Cheat bot or teaching tool? Central Coast schools decode AI's role in education
Last year, students around the country started turning in unusual assignments. Essays switched writing styles, abruptly becoming overly technical or formal, and inconsistent formatting began making teachers suspicious.
The culprit, in many cases, was ChatGPT: a chatbot that uses a type of artificial intelligence called a “large language model” to answer questions and spit out pages of text within seconds. After its launch in November, the website, owned by OpenAI, reached a million users within five days. A handful of other companies followed suit with their own versions of the technology, such as Google’s Bard and Microsoft’s Bing Chat. The chatbots are free to access and easy to use. And they’re changing education.
Madeleine Swift, a biology teacher at Aptos High School, received a suspicious report from a student last year. She recently ran it through a program called ZeroGPT that attempts to identify AI-generated language. ZeroGPT estimated there was a 100% chance the text was AI-generated. Swift made the student rewrite the report, but in cases that are less blatant, a lack of clear policies at schools leave teachers struggling with how and whether to respond.
“I don’t know if it’s necessarily cheating to use a tool that’s available to the public or something that might be part of somebody’s job,” said Swift. She believes the conversation should focus more on how to build skills and prepare students for the real world — which will include interactions with AI.
Most local school systems have yet to develop policies on how to deal with ChatGPT. A few school districts banned the chatbot when it first came out, but many have warmed up to students using the technology responsibly. The California School Boards Association recently created a task force to develop AI-focused policies. In the meantime, teachers must respond to its use on a case-by-case basis.
“With the rapid development of AI, I think that it would be irresponsible to pretend that this isn’t our problem, push it off and just say it isn’t allowed,” said Sam Rolens, chief of communications and community engagement at Santa Cruz City Schools.
The district had a board meeting about AI-based chatbots in the spring. To showcase the powerful technology, Shannon Calden, the director of elementary learning and achievement, used ChatGPT to make the presentation. The ultimate recommendation was to allow students to use the chatbots and teach them how to do so responsibly.
“There’s been years and years and years of technologies that have come out that were going to ruin society and ruin education for kids,” she said, using the internet as an example. AI is unlikely to completely dismantle education as we know it, Calden and other educators say, but it will change how teachers assign work. For example, instead of asking students to write an essay about a book, a high school English teacher might tell students to generate three different essays about the book in a chatbot and critique them.
“Then it’s not about the production of it; it’s about actually understanding,” said Calden. “I think teachers changing assignments is really the key to it.”
Preparing for the future
The technology, though powerful, is still new and rough around the edges. Chatbots sometimes spit out biased or inaccurate information. Some teachers are less optimistic about AI as a whole. A few have pointed to the alarming statement, signed by some of the world’s top artificial intelligence professionals, about the risk of extinction AI could pose if it’s allowed to continue developing unchecked.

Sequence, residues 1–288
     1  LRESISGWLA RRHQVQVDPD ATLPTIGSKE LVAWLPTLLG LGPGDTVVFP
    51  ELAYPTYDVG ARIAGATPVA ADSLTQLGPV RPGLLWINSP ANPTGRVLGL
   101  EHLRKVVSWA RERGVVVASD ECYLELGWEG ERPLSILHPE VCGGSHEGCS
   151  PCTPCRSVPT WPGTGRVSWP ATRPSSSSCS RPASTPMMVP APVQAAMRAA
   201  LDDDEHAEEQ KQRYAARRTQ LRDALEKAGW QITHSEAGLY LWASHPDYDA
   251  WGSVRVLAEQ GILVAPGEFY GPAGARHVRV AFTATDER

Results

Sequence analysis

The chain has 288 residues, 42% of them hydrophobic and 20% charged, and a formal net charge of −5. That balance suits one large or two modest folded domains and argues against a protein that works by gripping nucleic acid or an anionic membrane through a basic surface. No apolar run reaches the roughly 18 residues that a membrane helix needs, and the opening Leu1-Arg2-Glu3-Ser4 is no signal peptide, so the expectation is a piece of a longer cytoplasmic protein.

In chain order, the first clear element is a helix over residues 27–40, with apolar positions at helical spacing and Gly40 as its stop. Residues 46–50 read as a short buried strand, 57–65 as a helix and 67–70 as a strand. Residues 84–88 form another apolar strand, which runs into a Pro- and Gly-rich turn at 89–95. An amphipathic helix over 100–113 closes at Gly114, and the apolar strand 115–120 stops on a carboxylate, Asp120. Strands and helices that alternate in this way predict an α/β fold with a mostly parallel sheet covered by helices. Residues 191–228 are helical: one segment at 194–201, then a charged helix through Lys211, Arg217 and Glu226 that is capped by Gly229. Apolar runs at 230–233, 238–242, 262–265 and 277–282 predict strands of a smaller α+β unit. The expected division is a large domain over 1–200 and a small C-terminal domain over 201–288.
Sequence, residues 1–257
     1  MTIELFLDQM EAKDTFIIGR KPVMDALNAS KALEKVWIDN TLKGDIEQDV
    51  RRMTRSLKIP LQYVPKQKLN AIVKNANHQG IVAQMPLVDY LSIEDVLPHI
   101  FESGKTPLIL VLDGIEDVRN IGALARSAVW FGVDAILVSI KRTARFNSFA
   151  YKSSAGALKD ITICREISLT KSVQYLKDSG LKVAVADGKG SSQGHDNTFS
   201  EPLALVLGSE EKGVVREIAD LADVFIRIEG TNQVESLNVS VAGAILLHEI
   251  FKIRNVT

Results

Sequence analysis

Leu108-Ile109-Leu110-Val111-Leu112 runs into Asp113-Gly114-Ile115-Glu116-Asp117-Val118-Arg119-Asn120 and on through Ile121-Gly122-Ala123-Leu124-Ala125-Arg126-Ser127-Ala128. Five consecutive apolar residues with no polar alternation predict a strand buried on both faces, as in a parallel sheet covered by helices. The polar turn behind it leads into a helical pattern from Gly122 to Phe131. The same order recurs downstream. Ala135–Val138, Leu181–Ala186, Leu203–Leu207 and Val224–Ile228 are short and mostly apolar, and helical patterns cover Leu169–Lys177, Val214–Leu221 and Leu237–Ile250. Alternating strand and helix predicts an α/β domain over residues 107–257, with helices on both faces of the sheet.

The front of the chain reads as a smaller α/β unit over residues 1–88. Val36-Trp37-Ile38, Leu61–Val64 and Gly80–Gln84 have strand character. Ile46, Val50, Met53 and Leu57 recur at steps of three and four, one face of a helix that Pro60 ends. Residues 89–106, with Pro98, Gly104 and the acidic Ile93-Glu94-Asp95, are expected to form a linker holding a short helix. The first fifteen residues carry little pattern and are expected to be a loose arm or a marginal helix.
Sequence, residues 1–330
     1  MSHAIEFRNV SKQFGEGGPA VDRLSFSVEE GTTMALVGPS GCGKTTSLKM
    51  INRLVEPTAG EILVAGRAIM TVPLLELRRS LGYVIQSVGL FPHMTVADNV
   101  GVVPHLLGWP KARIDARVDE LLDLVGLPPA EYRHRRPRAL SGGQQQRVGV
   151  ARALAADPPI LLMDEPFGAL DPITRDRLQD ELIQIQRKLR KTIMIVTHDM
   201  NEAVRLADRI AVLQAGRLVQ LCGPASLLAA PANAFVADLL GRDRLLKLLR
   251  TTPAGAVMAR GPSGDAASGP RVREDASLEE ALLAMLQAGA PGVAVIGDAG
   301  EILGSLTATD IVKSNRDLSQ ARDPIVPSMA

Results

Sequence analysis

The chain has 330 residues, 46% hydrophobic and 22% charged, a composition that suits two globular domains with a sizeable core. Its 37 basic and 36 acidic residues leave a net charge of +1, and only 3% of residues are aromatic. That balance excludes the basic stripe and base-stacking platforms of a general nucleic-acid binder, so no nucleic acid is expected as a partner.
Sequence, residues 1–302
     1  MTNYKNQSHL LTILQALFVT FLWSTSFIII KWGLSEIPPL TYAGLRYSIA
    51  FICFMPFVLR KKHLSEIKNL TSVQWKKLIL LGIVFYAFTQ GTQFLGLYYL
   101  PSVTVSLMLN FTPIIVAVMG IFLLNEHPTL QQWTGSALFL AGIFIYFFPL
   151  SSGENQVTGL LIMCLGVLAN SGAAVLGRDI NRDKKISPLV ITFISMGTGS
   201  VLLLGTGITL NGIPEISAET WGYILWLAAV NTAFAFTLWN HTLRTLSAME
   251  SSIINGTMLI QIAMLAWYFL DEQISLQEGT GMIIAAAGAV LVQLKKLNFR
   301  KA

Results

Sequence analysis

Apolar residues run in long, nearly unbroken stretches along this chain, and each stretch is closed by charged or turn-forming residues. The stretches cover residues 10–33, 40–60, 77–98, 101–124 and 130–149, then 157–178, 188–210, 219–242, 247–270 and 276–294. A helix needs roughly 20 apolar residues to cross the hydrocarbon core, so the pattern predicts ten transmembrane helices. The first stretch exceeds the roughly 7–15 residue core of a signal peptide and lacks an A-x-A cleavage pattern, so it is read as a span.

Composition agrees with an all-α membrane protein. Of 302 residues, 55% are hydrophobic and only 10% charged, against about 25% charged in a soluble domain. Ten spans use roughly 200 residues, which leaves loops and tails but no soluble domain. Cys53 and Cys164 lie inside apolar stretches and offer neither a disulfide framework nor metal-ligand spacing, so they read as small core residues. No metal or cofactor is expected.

To make sure students understand the current limitations of chatbots and how to use them responsibly, many educators say classes in digital literacy are more important than ever — for students and teachers.
A recent $50 million grant will help make that happen. The MSCS Professional Learning grant, awarded to three county offices of education over the summer, supports the development of math, science and computer science curricula in California. Monterey County was selected to lead the state in developing computer science initiatives.
“It’s comforting to know that the state of California has committed substantial resources towards the development of computer science in the state, which in turn develops that foundational conversation of artificial intelligence for our teachers, for our students, for our leadership and then for our parent and family and communities,” said Rod Garcia, the computer science and digital learning program coordinator for the Monterey County Office of Education.
He emphasizes that AI, when used ethically, can grow student curiosity and understanding. Adaptive learning programs, for example, adjust their level of difficulty based on a student’s responses and can create individualized lessons.
AI can also make teachers more efficient. Garcia and other experts around the Central Coast are leading trainings for educators that highlight AI-based tools for making interactive lessons, planning classes and doing administrative tasks.
“It actually could free up more teacher time for their direct interaction between a teacher and their students,” said Monterey County Superintendent of Schools Deneen Gus. The technology will help teachers, not replace them, she says.
“It’s just meant to make our life easier. And so if we use it right — wow, it can do great things for us.” She cautions parents and educators to understand the limitations and pitfalls of AI, but ultimately encourages people to embrace the new tools.
“Technology is going to continue to evolve and develop new programs,” she said. “We just have to be ready to receive it and see how we can use it in an appropriate way in our classrooms.”